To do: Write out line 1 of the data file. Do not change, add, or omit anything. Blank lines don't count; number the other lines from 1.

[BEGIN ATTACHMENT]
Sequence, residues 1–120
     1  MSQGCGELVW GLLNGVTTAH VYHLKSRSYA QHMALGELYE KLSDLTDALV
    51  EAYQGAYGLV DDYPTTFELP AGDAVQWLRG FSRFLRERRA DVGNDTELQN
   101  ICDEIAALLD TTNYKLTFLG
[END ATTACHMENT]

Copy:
Sequence, residues 1–120